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  • Razer partners with China's Tencent for games on Blade laptop

    Gaming hardware manufacturer Razer is partnering with China's Internet firm Tencent for games to run on its newest 17.3-inch (43.9 centimeters) gaming laptop.

  • Microsoft to help 10 Kinect startups

    Microsoft on Friday announced a program designed to help 10 developers or startups launch businesses around products for Kinect, the controller that senses motion and voice.

  • Ultrabooks still trying to find their niche

    Despite backing from the top PC makers, high prices and a disorganized software and hardware ecosystem could slow adoption of ultrabooks over the next few years, analysts said this week.

  • iPhone 5 rumour rollup for the week ending Nov. 18

    Delirium reigns in the iOSsphere on learning that the iPhone 5 is, or was, real. Until Steve Jobs, its Creator, also became its Destroyer.

  • Kindle Fire teardown puts build cost at less than $3 above retail price

    The Kindle Fire tablet from Amazon.com. Teardown experts at IHS iSuppli found it costs Amazon $201.70 to build the new Kindle Fire, less than $3 above the $199 retail price.

  • Grazing: Better browsing under iOS

    If you use an iPad or an iPhone and you're at all technical you'll probably have a love-hate relationship with the default Safari browser. The problem is that Safari does the job but it just seems so, well, simplistic and lacks a certain desirable "nerdiness." You can do all sorts of cool stuff with other browsers on other operating systems, but Safari on iOS? Yawn. But I have an answer!

  • Laptops to sell for under $200 on Black Friday

    Heavily discounted PCs and tablets will be sold by top retailers on Black Friday, which marks one of the most active shopping days in the U.S. Walmart and Best Buy will offer fully equipped laptops for under US$200, continuing a promotional price battle they have engaged in for years. The sub-$200 laptops have slow processors and may lack key components, but could be effective desktop replacements for basic tasks like office productivity applications, Web surfing and video.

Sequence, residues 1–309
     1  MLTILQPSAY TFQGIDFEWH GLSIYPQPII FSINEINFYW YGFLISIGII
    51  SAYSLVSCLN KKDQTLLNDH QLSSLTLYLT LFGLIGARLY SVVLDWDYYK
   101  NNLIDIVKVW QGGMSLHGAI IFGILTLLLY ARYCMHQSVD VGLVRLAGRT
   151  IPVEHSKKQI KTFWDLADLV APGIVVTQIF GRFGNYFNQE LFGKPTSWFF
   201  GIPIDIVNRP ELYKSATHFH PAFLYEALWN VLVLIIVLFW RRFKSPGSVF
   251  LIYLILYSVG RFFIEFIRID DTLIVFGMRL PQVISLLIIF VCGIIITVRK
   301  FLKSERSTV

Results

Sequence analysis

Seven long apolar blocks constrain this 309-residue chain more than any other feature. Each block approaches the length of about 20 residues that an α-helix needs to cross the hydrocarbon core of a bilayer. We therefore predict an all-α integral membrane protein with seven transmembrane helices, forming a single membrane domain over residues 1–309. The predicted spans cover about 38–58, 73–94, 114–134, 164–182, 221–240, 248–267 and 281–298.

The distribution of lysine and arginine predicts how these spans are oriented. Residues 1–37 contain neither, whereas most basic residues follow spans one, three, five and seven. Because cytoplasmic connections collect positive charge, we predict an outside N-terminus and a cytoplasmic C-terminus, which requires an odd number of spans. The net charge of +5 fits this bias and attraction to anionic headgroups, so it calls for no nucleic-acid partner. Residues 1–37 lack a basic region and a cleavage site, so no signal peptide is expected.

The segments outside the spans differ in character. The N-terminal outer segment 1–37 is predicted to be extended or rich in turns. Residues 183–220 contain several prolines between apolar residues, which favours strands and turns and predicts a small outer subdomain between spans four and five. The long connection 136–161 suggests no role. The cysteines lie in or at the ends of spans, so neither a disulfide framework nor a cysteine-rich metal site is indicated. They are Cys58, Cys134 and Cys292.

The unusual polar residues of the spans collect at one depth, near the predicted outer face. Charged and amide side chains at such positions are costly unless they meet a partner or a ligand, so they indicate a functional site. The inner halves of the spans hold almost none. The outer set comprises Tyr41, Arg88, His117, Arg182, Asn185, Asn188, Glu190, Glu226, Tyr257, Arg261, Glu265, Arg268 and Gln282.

• Boingo sees bright future for Wi-Fi hotspots

    The integration of mobile networks and Wi-Fi promises to make hotspots more popular and easier to access, but it will also put pressure on providers to improve performance, according to hotspot aggregator Boingo Wireless.

  • Samsung Galaxy Nexus on sale in U.K. with new video ad

    Samsung's hot new Galaxy Nexus smartphone, the first to run Android 4.0, went on sale Thursday in the U.K. and is expected to be available in the U.S. on Verizon Wireless by the end of the month.

  • Amazon smartphone coming in late 2012, analyst says

    Amazon is working on a smartphone to be released in the fourth quarter of 2012, according to a Citigroup analyst quoted by All Things D .

  • Small Taiwanese firms finally get some new Android code

    Some of Taiwan's smaller manufacturers said they were relieved to see Google release the source code for its Android 4.0 operating system, after being cut out of the picture with its previous Honeycomb version.

  • iSuppli drops 2011 semiconductor forecast on slow Q4

    An industry analyst firm has lowered its forecast for the worldwide semiconductor market for this year because of declining revenue in the fourth quarter.

  • Will Thanksgiving Day upstage Black Friday for online tech sales?

    Best Buy, Target, Sears, Staples and other major retailers have been releasing their Black Friday ads and circulars for the past week, setting up for what should be a busy shopping day for TVs, laptops, tablets and other electronics. But savvy shoppers who can negotiate time away from the family, turkey and football on Thanksgiving Day itself could also score bargains.

  • LCD, e-ink challenger Mirasol will be on devices in months

    Most tablets and e-readers today use LCD or e-ink technology, but a new challenger that promises sharp color and reduced screen power consumption could be used in devices in a matter of months.

  • OpenFlow not the only path to network revolution

    APIs and messaging protocols, including some that are standards, can let users build software-defined networks today. The key issue, though, is that not everyone implements the same ones or implements them the same way. Will OpenFlow get us all on the same path to SDN nirvana?

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